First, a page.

Who we are
Rethinking Security is a network of organisations, academics and activists who share a concern about the current approach to national security in the UK and beyond. We believe that this approach is a significant barrier to progress on a range of progressive agendas for peace, justice and ecological sustainability. We are committed to building a much richer understanding of what security really means, and of what is required to tackle insecurity and build a more just and peaceful world.
We invite anyone who shares this concern to get involved by becoming an organisational affiliate or an individual supporter.
We are delighted that the following organisations are part of our network:
Campaign Against Arms Trade, Campaign For Nuclear Disarmament, Conciliation Resources, Forces Watch, International Alert, Oxford Research Group, Peace Direct, Quaker Peace And Social Witness, Quaker Asylum and Refugee Network, Saferworld, and Three Faiths Forum.
Our work also benefits substantially from the active participation of academics from the universities of Bradford, Coventry, Kent and Oxford Brookes.
Rethinking Security was formerly known as the Ammerdown Group, taking its name from the Ammerdown Centre, where the network has met to review and plan its work.
How we work
The Rethinking Security Council is responsible for developing the overall vision and strategy of our work. The Steering Group, which is drawn from the Council, is responsible for overseeing operational decisions based on the strategy. The Coordinator is responsible for coordinating day to day activities. Rethinking Security is grateful to Saferworld for acting as the organisational host.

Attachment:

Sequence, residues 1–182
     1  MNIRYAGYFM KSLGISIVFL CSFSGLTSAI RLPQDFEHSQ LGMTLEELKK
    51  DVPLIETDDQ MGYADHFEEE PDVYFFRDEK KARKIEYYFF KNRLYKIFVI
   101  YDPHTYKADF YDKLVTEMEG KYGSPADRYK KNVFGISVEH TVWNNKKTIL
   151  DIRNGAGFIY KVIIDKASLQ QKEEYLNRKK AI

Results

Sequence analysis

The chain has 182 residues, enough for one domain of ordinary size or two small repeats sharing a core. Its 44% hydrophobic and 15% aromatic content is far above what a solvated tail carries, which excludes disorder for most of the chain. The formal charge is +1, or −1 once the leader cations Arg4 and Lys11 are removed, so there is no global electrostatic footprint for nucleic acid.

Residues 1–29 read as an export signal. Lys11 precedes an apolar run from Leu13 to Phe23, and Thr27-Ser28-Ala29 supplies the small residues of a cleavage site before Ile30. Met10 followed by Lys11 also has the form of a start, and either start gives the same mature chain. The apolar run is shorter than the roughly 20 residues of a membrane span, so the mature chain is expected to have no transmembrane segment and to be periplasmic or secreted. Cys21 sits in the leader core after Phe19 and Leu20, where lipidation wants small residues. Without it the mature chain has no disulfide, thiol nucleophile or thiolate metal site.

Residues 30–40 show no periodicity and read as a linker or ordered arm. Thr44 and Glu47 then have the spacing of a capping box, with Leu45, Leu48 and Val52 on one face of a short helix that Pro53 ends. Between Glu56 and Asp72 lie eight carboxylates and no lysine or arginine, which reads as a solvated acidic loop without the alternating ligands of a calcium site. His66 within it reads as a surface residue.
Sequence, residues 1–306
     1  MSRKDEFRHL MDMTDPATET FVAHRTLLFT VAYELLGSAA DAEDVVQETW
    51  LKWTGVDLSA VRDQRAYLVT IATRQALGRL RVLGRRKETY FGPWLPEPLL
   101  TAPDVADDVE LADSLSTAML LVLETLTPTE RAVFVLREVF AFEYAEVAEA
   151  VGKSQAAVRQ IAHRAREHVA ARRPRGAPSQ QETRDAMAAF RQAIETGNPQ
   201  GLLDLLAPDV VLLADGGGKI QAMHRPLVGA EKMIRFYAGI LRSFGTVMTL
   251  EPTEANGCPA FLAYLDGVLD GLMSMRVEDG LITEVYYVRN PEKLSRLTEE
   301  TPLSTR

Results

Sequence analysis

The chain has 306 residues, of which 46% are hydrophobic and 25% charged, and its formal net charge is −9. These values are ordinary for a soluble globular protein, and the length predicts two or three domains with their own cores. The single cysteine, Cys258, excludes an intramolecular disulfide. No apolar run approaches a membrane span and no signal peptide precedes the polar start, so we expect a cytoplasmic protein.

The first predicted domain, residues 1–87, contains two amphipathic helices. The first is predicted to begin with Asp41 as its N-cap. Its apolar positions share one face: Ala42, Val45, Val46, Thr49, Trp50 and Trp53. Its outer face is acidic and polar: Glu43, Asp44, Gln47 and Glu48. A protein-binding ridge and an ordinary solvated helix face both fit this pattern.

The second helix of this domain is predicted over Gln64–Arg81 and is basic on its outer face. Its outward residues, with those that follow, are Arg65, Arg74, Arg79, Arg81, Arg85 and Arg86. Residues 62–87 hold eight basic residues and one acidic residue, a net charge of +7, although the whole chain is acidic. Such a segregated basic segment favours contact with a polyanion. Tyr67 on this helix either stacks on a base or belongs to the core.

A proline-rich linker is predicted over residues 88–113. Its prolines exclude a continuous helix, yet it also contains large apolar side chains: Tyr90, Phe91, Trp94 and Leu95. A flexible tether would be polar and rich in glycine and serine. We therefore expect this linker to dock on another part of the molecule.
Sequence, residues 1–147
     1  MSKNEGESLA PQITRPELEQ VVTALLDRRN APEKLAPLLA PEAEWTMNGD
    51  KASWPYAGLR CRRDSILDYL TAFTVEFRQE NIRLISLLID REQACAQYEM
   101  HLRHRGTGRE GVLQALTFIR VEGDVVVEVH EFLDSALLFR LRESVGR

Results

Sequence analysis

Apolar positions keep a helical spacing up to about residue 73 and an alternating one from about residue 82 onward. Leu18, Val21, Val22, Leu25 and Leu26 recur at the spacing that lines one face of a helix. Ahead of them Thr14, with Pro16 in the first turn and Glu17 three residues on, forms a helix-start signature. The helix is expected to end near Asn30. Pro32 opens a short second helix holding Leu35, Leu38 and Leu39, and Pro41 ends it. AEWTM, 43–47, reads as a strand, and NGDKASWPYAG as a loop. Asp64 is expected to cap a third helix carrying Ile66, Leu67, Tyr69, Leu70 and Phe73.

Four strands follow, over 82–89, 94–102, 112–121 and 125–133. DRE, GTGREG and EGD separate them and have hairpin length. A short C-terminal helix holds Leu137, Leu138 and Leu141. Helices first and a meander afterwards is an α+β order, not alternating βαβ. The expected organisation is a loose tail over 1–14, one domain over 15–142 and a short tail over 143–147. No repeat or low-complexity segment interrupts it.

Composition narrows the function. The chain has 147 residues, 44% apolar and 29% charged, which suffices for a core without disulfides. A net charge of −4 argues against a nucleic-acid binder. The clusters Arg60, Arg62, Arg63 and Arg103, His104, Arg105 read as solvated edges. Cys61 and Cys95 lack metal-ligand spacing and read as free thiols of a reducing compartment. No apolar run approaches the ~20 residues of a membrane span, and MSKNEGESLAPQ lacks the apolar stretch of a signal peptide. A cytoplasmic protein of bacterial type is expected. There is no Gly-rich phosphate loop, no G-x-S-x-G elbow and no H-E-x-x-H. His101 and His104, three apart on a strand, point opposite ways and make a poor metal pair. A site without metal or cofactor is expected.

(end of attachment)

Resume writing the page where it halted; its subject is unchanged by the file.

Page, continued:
Council members: Ivan Campbell, Paul Clifford, Phil Champain, Teresa Dumasy, Ann Feltham, Diana Francis, Simon Fisher, David Gee, Judith Large, Dylan Mathews, Richard Reeve, Andrew Rigby, Lucy Roberts, Patricia Sellick
Steering Group members: Ivan Campbell, Paul Clifford, Diana Francis, Simon Fisher, Judith Large, Celia McKeon
Coordinator: Celia McKeon
We are grateful to the Joseph Rowntree Charitable Trust, the Marmot Charitable Trust, the Polden Puckham Charitable Foundation, and the Network for Social Change for their generous support of our work.